“The next morning, after breakfast, I went into the factory, to look through it. As I went through, I observed there was a good deal of agitation among those who were busy at their looms, and their mules, and other implements of work. On passing through one of the apartments, where a great number of young women were attending to their weaving, I observed a couple of them eyeing me, and speaking very earnestly to each other; and I could see that they were a good deal agitated, although they both laughed. I went slowly toward them. They saw me coming, and were evidently much excited. One of them was trying to mend a broken thread, and I observed that her hands trembled so that she could not mend it. I approached slowly, looking on each side at the machinery, as I passed; but observed that this girl grew more and more agitated, and could not proceed with her work. When I came within eight or ten feet of her, I looked solemnly at her. She observed it, and was quite overcome, and sank down, and burst into tears. The impression caught almost like powder, and in a few moments nearly all in the room were in tears. This feeling spread through the factory. Mr. W—, the owner of the establishment, was present, and seeing the state of things, he said to the superintendent, “Stop the mill, and let the people attend to religion; for it is more important that our souls should be saved than that this factory run.” The gate was immediately shut down, and the factory stopped; but where should we assemble? The superintendent suggested that the mule room was large; and, the mules being run up, we could assemble there. We did so, and a more powerful meeting I scarcely ever attended. It went on with great power. The building was large, and had many people in it, from the garret to the cellar. The revival went through the mill with astonishing power, and in the course of a few days nearly all in the mill were hopefully converted.”

100,000 Saved

In September 1830, Charles went to Rochester, New York. It was at that time a fast-growing town, with about ten thousand residents. During Finney’s time there, almost everyone was converted. The church building was not large enough to hold the crowds. The revival reached communities hundreds of miles away. Even Lyman Beecher, Finney’s harshest critic, would later state that what happened at Rochester was ‘the greatest work of God, and the greatest revival of religion, that the world has ever seen, in so short a time. One hundred thousand… were reported as having connected themselves with churches…This… is unparalleled in the history of the church, and the progress of religion.”2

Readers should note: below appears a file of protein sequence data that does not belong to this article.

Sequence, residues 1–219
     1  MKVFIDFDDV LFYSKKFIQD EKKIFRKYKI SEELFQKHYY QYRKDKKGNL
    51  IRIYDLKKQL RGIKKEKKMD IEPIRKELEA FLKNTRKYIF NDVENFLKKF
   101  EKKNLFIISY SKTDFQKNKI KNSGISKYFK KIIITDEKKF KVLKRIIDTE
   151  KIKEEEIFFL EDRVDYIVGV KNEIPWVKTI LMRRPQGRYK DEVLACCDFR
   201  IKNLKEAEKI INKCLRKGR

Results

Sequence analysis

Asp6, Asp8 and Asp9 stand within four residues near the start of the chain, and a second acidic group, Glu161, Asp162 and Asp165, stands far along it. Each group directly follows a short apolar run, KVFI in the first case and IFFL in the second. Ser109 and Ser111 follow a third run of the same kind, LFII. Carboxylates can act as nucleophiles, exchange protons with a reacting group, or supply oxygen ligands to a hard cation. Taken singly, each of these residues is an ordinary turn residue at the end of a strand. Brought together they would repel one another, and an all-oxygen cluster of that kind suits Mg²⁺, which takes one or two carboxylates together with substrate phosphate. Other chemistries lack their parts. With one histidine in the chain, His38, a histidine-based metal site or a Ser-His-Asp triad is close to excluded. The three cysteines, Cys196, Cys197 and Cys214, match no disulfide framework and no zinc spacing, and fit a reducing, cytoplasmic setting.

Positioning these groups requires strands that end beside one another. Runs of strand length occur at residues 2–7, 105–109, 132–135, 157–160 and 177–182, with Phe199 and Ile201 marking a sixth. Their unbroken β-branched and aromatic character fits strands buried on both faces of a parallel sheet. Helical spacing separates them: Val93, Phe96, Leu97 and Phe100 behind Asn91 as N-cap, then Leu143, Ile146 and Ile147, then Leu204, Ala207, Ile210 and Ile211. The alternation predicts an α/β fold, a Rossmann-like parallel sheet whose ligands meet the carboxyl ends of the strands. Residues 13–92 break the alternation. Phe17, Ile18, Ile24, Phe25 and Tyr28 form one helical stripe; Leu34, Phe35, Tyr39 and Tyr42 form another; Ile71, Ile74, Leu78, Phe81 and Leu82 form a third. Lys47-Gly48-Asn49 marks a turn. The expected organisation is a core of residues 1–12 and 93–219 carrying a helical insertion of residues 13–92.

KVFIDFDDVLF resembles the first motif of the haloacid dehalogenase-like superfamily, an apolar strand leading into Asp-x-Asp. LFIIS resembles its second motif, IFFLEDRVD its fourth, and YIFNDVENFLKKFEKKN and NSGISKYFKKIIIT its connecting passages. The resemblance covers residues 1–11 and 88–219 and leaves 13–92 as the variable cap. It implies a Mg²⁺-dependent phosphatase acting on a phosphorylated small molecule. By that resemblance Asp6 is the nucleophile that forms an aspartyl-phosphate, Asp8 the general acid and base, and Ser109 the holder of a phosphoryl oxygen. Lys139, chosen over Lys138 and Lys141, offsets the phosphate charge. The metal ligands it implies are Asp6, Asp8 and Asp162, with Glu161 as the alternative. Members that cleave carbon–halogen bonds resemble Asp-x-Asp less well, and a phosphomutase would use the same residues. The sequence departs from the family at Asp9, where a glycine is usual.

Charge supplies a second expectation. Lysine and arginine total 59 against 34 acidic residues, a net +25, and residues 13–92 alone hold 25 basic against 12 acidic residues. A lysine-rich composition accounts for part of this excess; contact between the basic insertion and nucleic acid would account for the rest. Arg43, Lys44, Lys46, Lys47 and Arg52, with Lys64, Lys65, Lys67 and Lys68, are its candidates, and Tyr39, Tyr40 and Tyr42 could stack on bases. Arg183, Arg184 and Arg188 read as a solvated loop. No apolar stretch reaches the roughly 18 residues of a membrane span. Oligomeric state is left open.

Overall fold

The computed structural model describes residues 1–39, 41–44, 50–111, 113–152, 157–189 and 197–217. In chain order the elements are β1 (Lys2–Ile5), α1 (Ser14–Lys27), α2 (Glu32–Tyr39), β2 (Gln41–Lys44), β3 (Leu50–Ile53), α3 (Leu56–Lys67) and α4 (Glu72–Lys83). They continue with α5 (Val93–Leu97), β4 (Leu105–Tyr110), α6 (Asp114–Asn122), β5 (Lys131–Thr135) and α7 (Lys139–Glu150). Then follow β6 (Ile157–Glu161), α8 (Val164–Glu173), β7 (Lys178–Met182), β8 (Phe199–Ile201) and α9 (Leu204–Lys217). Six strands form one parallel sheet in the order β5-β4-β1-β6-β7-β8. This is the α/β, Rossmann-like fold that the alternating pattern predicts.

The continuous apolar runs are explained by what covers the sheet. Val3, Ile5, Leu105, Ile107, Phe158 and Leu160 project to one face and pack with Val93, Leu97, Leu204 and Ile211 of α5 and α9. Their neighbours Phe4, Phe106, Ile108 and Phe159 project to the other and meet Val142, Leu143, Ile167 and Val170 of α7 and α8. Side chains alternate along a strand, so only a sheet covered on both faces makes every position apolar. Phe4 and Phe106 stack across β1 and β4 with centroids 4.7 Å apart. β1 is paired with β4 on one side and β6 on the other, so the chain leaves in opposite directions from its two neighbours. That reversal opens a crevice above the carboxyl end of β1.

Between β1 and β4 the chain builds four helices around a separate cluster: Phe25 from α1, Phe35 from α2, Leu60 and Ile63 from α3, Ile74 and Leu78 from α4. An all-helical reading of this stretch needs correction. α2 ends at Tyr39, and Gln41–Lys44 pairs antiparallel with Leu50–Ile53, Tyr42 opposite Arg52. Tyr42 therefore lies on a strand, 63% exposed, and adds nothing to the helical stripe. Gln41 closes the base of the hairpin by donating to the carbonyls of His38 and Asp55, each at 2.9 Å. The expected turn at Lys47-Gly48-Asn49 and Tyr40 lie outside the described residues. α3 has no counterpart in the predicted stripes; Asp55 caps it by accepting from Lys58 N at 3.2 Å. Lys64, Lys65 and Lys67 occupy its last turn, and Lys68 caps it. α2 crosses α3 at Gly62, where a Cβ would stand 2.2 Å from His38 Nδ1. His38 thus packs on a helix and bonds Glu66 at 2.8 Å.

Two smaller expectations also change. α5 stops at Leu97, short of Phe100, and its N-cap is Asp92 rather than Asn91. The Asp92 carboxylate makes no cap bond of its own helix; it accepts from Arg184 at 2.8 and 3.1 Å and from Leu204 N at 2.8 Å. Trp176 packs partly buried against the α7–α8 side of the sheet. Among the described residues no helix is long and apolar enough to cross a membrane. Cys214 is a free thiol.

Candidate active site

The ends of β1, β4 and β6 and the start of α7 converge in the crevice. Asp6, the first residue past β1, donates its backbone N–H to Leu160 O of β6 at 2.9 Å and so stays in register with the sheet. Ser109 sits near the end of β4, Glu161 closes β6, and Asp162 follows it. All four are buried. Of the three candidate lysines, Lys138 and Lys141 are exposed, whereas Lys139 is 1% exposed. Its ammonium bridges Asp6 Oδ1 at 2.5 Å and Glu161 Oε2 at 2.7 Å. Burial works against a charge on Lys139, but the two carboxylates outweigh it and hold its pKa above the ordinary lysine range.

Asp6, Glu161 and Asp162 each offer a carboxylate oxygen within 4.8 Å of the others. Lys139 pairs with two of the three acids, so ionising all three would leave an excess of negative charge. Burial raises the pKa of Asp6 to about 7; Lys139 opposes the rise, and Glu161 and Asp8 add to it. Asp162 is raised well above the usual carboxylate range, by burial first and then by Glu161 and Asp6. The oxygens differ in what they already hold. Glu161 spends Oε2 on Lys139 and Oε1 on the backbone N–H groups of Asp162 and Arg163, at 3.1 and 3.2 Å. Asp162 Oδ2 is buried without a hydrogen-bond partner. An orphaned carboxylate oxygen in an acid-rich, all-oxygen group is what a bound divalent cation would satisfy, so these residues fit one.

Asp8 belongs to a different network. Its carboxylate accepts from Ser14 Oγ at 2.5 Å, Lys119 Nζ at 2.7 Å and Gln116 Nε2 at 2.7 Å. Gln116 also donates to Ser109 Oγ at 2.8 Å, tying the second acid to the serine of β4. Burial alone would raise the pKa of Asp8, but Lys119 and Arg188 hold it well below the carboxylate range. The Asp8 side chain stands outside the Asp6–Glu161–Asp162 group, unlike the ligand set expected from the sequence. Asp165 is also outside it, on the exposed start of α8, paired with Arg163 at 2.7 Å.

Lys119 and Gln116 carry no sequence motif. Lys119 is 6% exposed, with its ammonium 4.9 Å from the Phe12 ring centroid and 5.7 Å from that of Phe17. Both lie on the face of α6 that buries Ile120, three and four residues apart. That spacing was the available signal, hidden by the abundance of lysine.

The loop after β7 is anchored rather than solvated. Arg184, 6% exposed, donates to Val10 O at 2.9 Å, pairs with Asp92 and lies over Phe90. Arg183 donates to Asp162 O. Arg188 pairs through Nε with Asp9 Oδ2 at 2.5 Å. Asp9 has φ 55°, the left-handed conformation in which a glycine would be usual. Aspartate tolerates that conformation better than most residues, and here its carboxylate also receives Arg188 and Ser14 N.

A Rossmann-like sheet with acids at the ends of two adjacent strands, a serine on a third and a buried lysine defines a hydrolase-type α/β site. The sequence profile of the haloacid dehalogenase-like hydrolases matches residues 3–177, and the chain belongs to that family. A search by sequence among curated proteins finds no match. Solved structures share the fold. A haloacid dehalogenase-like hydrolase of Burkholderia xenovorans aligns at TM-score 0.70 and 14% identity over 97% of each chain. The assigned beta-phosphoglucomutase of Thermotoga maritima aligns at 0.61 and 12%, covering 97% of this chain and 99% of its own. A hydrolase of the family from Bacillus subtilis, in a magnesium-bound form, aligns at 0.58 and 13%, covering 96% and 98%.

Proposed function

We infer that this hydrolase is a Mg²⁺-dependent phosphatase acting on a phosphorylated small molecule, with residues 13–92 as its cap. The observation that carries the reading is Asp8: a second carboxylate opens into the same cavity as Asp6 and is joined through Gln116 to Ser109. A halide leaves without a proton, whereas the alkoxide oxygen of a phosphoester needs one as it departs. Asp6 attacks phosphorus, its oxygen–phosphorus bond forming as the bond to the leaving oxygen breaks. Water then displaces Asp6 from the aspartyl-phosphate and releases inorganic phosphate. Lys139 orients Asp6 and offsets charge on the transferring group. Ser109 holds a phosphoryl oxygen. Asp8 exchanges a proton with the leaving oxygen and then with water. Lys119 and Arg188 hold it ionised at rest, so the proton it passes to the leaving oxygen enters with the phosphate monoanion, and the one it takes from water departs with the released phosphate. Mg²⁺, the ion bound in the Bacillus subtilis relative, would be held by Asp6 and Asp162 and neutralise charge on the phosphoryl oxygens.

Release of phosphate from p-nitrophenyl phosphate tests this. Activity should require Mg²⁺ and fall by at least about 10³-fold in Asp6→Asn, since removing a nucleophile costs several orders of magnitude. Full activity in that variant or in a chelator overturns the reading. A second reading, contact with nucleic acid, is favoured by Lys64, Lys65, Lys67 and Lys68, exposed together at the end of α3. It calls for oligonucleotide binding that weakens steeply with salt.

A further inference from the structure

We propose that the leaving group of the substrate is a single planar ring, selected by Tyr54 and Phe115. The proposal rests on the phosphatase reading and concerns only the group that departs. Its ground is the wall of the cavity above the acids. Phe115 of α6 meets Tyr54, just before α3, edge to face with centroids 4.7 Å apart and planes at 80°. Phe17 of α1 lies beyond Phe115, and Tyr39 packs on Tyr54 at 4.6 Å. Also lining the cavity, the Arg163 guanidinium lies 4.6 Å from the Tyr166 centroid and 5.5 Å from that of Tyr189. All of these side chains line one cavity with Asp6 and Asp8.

Finney had believers praying for the services and crying out for the Holy Spirit to descend. The newspapers recorded, “At an early hour an immense concourse assembled, crowding every part of that large house, above and below, wherever an individual could sit or stand. At the same time the vestibule was filled, and great numbers were compelled to go away who could not possibly get within sound of the preacher’s voice. We shall not attempt to describe, nor can the reader easily conceive, the impression made upon our mind in looking over the dense mass…During this awfully solemn interval when so great a congregation were upon their knees before God, it did seem that the heavens were dropping down righteousness over our heads, and that then if ever was the time that sinners must submit and humble themselves before an offended God and sovereign.”23

The revival went on from September 1830 and March 1831 and would become the height of the Second Great Awakening. Many preachers would also take up the revival torch, including Beecher, and preach throughout the United States. The revival brought a great unity to the country in 1831 as everyone became focused on religion.

Pastoring in New York

The revival preaching at Rochester took a significant toll on Charles, and doctors were concerned he had consumption, and several thought he would die.  He was invited in the Soring of 1831 to preach at Union College in Schenectady, New York. He went there by coach. The journey was tough, and after three days they were only as far as Auburn. Here he was invited to preach. He slowly made his way to Boston, whereby now opposition had dropped, and he was able to preach there. Charles would leave Boston to go to New York, where he began pastoring in April 1832.

In New York, some businessmen paid to convert the Chatham Street Theater into a church. Here he would preach to crowds of around two thousand. Church members were instructed-

“To scatter themselves over the whole house, and to keep their eyes open, in regard to any that were seriously affected under preaching, and if possible, to detail them after preaching, for conversation and prayer.”24

At the installation service on September 28th, 1832 Charles took seriously ill and came down with cholera. He would survive but the treatment took a major toll on him. Finney was unable to resume preaching until the spring of 1833. He would be forced to take another break due to fatigue and toll of the cholera treatment in January 1834. To help him recover, Charles made a six-month sea voyage. He went to the Mediterranean Sea and the Islands of Malta and Sicily.

Charles recorded in his memoirs-